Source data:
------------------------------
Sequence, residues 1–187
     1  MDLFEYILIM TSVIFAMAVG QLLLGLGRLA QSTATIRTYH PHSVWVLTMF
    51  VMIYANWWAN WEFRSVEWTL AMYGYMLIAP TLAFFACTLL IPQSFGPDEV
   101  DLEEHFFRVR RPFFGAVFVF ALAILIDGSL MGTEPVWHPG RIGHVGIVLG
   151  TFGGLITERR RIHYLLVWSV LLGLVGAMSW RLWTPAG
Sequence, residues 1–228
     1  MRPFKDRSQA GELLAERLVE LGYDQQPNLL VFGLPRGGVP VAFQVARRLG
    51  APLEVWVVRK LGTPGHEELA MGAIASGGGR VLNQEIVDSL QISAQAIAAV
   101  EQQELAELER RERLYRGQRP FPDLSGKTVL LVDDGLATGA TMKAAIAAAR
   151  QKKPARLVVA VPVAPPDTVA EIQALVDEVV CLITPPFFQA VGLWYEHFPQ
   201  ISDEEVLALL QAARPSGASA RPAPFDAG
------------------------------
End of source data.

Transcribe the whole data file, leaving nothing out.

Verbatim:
Sequence, residues 1–187
     1  MDLFEYILIM TSVIFAMAVG QLLLGLGRLA QSTATIRTYH PHSVWVLTMF
    51  VMIYANWWAN WEFRSVEWTL AMYGYMLIAP TLAFFACTLL IPQSFGPDEV
   101  DLEEHFFRVR RPFFGAVFVF ALAILIDGSL MGTEPVWHPG RIGHVGIVLG
   151  TFGGLITERR RIHYLLVWSV LLGLVGAMSW RLWTPAG
Sequence, residues 1–228
     1  MRPFKDRSQA GELLAERLVE LGYDQQPNLL VFGLPRGGVP VAFQVARRLG
    51  APLEVWVVRK LGTPGHEELA MGAIASGGGR VLNQEIVDSL QISAQAIAAV
   101  EQQELAELER RERLYRGQRP FPDLSGKTVL LVDDGLATGA TMKAAIAAAR
   151  QKKPARLVVA VPVAPPDTVA EIQALVDEVV CLITPPFFQA VGLWYEHFPQ
   201  ISDEEVLALL QAARPSGASA RPAPFDAG